Tofu or not tofu: The high cost of vegetarianism is puzzling her
When my friends used to ask me why I became a vegetarian, I trotted out the standard responses: for ethical reasons, for health reasons, because I have more energy, because broccoli doesn’t scream when you kill it. You know, the usual.
Now, of course, I do it mainly to annoy people. And that works on so many levels — sending them on guilt trips, sometimes in mid-bite, or prompting them to contemplate their entrée’s mother. Of course, it can backfire, like when my dining companions make a show of shoveling pulled pork or fried chicken or ribs or pepperoni pizza into their pie holes with an overly dramatic “Mmmmmmm, you don’t know what you’re missing.” Or, “That’s fine. More for me.”
After nearly 15 years, I yam what I yam: used to it. But something’s become stuck in my craw of late, and I’m going to break radio silence. We hear again and again that a plant-based lifestyle will save our health, our planet, our wallets ... but am I the only one out there who feels like I'm being punished financially for giving up meat? Why should I pay $4.99 for 12 ounces of Litelife Smart Ground (yes, that’s fake ground beef -- much to my carnivorous husband’s dismay -- which shakes down to $6.65 per pound), when real ground beef is $2.99 to $3.99 per pound, depending on fat content? I mean, Google says it takes between 2 pounds and 16 pounds of grain or feed corn to create one pound of beef. (The numbers vary wildly depending on whether you want to believe PETA or the National Cattlemen’s Beef Assn.) Well, I’m buying 12 ounces (4 ounces short of a pound!) of … plant stuff. Seriously? What did they water the plants with? Dom Perignon?
Here’s just a rundown of veggie meat (I like to call it “fake meat” because that seems to annoy people more — yeah, I’m a middle child) prices at my local chain grocery store:
--Veggie hot dogs, $4.99 for eight hot dogs; real hot dogs, $2.74 to $5.49 per package of eight, depending on beef versus pork, house versus name brand.
--Veggie bacon, $4.99 for 5 ounces (that’s $15.97 a pound); a pound of Farmer John’s bacon, $6.99.
--Veggie chicken wings (stop laughing at me!), $5.99 for 10.5 ounces, or $9.13 per pound; real (frozen) wings, $9.99 for a 28-ounce bag, or $5.71 a pound.
--Veggie turkey, bologna or ham slices, $3.99 for 5.5 ounces ($11.61 a pound); house brand ham or turkey breast cold cuts, $3.99 a pound.
--Veggie cheese slices, $3.99 for 12 slices (7.3 ounces), or $8.75 per pound; American cheese slices, $3.49 for 15 ounces ($3.72 a pound).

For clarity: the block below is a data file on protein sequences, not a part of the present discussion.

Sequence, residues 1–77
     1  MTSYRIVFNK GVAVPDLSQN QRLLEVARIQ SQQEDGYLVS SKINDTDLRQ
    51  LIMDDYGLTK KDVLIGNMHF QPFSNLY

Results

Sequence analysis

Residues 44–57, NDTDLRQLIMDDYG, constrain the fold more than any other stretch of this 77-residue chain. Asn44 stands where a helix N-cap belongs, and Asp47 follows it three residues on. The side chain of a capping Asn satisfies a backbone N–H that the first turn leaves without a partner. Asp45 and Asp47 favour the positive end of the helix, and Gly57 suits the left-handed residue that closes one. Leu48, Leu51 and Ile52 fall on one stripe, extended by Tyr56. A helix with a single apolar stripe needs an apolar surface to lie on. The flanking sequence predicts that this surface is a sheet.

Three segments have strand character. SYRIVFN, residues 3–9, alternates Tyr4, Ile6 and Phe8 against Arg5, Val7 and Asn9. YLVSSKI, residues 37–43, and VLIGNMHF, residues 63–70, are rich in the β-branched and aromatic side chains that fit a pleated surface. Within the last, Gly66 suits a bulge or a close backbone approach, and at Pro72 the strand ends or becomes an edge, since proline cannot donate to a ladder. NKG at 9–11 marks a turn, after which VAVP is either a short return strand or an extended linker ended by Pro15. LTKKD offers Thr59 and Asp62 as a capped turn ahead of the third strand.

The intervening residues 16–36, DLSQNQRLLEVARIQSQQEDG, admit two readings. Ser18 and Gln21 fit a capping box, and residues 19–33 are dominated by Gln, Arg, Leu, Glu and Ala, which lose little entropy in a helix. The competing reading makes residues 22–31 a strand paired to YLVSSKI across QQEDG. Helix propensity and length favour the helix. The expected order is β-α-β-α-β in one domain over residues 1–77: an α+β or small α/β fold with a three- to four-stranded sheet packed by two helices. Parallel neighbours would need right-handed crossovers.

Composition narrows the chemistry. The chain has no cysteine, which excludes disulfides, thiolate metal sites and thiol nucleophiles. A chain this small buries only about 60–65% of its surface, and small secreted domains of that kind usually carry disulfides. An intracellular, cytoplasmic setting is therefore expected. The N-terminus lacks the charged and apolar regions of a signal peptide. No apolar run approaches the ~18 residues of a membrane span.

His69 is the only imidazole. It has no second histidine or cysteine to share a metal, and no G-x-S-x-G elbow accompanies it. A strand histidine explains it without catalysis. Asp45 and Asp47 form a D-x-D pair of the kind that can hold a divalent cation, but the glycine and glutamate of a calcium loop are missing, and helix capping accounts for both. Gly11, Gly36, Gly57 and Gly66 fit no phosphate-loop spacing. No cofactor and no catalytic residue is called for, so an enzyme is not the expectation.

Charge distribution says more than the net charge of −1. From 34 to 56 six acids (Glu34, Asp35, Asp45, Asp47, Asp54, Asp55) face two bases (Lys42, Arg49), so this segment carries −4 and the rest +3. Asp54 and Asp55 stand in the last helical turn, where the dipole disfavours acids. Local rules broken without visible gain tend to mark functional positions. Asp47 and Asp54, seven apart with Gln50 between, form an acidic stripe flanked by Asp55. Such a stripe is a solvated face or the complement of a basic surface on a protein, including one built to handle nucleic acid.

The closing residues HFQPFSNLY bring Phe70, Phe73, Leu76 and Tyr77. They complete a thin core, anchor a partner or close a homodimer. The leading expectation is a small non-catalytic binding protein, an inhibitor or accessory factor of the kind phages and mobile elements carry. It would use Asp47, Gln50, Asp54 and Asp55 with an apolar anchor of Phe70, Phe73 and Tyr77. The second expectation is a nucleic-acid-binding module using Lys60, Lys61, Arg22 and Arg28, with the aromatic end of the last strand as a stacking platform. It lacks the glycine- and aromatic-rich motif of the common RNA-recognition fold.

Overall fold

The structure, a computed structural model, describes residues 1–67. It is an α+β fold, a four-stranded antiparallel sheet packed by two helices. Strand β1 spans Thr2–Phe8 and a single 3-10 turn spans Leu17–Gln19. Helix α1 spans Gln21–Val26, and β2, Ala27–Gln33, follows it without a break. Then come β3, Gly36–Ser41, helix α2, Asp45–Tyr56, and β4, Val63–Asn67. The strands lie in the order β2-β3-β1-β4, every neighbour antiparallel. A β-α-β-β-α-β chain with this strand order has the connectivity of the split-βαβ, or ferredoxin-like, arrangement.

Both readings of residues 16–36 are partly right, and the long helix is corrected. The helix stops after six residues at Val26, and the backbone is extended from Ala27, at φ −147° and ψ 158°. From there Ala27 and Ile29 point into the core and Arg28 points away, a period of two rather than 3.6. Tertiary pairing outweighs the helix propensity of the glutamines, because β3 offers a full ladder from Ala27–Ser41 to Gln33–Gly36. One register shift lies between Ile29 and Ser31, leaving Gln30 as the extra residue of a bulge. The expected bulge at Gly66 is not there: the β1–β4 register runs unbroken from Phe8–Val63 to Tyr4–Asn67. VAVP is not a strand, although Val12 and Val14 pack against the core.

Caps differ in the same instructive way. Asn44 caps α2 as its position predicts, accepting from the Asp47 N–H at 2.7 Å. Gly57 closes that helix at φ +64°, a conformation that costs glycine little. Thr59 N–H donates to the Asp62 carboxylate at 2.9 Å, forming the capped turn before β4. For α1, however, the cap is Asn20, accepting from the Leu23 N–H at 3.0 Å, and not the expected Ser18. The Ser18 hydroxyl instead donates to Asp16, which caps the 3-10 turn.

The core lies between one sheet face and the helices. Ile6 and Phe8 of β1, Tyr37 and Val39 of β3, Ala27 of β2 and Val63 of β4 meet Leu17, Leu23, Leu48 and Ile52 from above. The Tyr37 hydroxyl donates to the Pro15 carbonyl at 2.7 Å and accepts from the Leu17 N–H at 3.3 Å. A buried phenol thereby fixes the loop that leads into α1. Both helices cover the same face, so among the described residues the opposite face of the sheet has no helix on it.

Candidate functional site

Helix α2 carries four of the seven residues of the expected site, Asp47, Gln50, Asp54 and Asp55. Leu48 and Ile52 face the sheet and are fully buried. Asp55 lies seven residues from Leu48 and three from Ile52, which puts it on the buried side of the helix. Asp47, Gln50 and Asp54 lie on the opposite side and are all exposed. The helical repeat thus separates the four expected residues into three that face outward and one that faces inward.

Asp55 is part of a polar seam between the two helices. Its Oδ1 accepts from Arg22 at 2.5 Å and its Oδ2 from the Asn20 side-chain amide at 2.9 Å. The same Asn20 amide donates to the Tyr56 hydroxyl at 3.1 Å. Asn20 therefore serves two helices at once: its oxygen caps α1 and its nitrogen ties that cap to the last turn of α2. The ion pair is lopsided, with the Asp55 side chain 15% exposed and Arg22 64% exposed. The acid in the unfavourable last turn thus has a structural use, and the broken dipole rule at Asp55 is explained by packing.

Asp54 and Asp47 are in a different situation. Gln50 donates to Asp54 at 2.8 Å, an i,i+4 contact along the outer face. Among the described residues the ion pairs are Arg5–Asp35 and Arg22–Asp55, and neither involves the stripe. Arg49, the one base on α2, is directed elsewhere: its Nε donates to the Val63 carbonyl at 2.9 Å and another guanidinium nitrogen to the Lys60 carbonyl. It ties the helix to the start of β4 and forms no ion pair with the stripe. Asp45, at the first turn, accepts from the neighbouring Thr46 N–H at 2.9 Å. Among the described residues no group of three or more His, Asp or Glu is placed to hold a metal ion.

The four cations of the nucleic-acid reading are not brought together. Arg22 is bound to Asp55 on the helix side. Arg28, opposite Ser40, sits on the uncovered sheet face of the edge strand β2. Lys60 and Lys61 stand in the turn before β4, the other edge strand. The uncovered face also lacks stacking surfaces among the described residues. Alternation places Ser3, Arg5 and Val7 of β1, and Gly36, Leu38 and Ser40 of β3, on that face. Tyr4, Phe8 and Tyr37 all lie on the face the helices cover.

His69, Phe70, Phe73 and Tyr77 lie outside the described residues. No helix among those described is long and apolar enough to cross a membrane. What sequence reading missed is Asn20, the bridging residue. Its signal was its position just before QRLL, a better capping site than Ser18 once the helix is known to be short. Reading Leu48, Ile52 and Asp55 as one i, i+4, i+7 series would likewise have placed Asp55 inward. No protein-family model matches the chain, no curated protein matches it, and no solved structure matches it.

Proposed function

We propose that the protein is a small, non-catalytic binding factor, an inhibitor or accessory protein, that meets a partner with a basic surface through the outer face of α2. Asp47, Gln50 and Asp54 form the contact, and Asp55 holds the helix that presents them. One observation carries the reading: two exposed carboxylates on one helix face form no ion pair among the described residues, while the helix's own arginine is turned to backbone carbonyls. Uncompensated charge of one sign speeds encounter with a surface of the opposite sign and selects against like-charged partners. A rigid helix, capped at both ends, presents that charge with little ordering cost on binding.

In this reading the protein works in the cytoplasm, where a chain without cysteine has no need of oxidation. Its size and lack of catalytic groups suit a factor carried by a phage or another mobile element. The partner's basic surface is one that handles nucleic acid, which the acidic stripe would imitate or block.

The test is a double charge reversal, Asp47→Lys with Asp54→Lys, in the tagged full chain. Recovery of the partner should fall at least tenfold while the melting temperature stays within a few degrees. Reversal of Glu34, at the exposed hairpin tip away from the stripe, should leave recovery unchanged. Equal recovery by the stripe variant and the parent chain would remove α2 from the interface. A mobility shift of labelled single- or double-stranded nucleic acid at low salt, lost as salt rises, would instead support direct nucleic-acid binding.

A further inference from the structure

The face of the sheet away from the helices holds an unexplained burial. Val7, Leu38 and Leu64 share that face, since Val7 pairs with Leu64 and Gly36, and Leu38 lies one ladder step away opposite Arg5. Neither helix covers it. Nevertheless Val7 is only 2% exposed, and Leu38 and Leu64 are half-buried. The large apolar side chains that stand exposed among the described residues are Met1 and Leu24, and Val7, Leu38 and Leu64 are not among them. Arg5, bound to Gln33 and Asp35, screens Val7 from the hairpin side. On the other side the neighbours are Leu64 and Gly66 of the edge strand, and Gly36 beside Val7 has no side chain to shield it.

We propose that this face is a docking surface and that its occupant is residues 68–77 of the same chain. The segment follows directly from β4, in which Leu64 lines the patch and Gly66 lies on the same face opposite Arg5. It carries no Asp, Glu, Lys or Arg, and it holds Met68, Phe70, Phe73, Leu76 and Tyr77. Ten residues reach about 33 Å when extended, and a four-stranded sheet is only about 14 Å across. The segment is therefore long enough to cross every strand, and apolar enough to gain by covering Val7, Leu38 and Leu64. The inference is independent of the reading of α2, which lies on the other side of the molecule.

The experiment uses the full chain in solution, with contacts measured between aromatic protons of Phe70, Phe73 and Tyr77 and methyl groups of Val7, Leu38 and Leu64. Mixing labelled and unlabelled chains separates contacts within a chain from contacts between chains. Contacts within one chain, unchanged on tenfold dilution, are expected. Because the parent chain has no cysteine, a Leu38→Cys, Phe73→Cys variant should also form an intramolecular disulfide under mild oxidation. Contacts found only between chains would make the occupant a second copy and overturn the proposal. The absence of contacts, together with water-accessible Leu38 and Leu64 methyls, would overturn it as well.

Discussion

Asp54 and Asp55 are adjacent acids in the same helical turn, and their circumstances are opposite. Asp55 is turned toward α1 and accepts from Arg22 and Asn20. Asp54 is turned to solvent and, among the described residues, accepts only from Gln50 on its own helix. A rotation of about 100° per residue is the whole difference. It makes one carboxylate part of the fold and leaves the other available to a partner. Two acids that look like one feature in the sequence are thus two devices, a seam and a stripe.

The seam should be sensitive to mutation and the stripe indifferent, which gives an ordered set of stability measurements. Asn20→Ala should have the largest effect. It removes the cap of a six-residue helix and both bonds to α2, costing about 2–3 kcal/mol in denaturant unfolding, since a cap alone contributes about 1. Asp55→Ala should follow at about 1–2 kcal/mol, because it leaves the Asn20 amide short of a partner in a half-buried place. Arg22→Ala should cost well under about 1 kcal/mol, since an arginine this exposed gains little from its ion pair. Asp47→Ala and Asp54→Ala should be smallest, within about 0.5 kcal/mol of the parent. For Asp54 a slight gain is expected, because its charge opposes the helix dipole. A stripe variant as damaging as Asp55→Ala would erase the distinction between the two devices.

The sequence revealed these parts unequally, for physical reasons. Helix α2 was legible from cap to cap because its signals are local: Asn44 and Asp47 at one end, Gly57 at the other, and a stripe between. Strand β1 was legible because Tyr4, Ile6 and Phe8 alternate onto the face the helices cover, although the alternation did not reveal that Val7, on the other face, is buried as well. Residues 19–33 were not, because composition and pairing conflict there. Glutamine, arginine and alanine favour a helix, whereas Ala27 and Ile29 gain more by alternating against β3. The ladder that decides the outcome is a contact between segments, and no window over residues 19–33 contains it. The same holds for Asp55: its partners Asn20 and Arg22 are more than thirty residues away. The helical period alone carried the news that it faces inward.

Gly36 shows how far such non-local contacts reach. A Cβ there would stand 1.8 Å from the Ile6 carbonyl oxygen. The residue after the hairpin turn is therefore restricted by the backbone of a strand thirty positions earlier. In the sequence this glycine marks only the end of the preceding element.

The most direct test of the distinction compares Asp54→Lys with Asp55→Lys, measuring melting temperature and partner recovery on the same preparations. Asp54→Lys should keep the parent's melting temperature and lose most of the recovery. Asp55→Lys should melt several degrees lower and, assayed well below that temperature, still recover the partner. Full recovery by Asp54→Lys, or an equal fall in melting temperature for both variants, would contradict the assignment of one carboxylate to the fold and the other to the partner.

Those aren’t even sale prices. Stores often will lure customers with steaks that are under $2 a pound and fryer chickens under $1 a pound.
Do vegetarians have a right to be, well, squealing in anger?
While we’re at it, let’s take a typical trip to your average Mexican restaurant. A two-item combo platter (for me, that’s two cheese enchiladas, rice and beans) at my local chain restaurant (home of the generous Chard pour — thanks, boys!) is $10.79. But for my hubby, that two-item combo is a chicken enchilada and beef tamale, which also is $10.79. Yeah. It’s priced by the item, regardless of the meat factor. But I’m not criticizing any particular chain — the combo-platter price policy is basically the same at most of them. Easier for the cashier, I guess.
At my favorite chicken place (that would be a chicken place that offers falafel), my falafel platter is $8.29. My hubby’s half-chicken plate is $9.19. Huh? That’s chickpeas versus an actual, well, chick!
At my Chinese “express” place, my order of chow mein and two scoops of eggplant tofu is the same price as my husband’s order of rice, orange chicken and broccoli beef.
And what about pizza places? Order a two-topping pizza, let’s say pepperoni and sausage, and the price is exactly the same as if you order the same size pizza with mushrooms and green peppers. This is also a nearly universal practice. What’s wrong with this picture? My poor husband (don’t think I’m totally callous to his needs — this isn’t what he signed up for, as I was quite the steak-o-saurus back in the day) insists on meat on his pizza, and I gladly compromise. But if we order a half-pepperoni-half-roasted-eggplant pizza, we are getting half the number of pepperoni slices and half the number of eggplant, yet sometimes we are charged for two toppings. Probably makes billing easier. But … damn.
I’ve never complained. Until now. To you. (Full disclosure: I still eat sushi. PETA: Do your “wurst”!) Has anyone else noticed this or felt cheated by the system? Am I making a mountain out of a chicken mole? I would love to hear from meat eaters and non-meat eaters alike.
-- Linda Whitmore
Photo: Quinoa-stuffed bell peppers from the L.A. Times Test Kitchen. Click here for the recipe. Credit: Kirk McKoy / Los Angeles Times